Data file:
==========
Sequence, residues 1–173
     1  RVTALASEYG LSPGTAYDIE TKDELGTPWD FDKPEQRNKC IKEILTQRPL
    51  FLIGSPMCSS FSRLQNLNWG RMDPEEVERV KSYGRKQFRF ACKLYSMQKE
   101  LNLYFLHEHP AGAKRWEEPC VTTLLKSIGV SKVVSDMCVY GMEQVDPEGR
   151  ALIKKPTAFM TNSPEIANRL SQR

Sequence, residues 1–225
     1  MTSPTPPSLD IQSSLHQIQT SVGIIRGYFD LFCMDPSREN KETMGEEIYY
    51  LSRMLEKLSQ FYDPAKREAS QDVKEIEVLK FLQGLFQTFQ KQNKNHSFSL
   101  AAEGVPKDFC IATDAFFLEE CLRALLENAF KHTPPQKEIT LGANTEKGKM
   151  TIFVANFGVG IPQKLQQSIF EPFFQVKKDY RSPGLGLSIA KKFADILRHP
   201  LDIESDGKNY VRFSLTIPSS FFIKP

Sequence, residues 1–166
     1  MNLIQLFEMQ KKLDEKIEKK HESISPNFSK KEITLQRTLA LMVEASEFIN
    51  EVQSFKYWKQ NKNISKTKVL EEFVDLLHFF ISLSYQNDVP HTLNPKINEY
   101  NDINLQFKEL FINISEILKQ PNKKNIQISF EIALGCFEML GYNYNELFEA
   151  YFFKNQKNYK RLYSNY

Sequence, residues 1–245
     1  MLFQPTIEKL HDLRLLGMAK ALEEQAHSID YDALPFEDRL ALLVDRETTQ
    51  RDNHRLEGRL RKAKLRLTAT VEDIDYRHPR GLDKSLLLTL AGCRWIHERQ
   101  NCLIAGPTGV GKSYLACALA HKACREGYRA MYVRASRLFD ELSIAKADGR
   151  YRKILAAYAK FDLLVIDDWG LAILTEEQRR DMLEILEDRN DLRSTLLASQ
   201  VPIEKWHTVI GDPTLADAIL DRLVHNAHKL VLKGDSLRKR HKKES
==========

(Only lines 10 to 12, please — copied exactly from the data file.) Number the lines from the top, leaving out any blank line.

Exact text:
   151  TIFVANFGVG IPQKLQQSIF EPFFQVKKDY RSPGLGLSIA KKFADILRHP
   201  LDIESDGKNY VRFSLTIPSS FFIKP

Sequence, residues 1–166